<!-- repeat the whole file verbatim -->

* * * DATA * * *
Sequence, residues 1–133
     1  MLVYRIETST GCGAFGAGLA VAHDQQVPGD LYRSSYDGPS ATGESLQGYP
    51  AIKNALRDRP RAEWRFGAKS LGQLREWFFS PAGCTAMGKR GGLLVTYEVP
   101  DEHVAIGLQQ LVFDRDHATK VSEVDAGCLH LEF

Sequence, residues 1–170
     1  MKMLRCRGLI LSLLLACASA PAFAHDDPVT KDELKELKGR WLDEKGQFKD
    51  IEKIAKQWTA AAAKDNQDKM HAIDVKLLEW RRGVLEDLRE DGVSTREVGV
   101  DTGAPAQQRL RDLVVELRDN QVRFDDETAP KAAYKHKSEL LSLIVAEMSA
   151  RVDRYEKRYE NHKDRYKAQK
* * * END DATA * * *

Sequence, residues 1–133
     1  MLVYRIETST GCGAFGAGLA VAHDQQVPGD LYRSSYDGPS ATGESLQGYP
    51  AIKNALRDRP RAEWRFGAKS LGQLREWFFS PAGCTAMGKR GGLLVTYEVP
   101  DEHVAIGLQQ LVFDRDHATK VSEVDAGCLH LEF

Sequence, residues 1–170
     1  MKMLRCRGLI LSLLLACASA PAFAHDDPVT KDELKELKGR WLDEKGQFKD
    51  IEKIAKQWTA AAAKDNQDKM HAIDVKLLEW RRGVLEDLRE DGVSTREVGV
   101  DTGAPAQQRL RDLVVELRDN QVRFDDETAP KAAYKHKSEL LSLIVAEMSA
   151  RVDRYEKRYE NHKDRYKAQK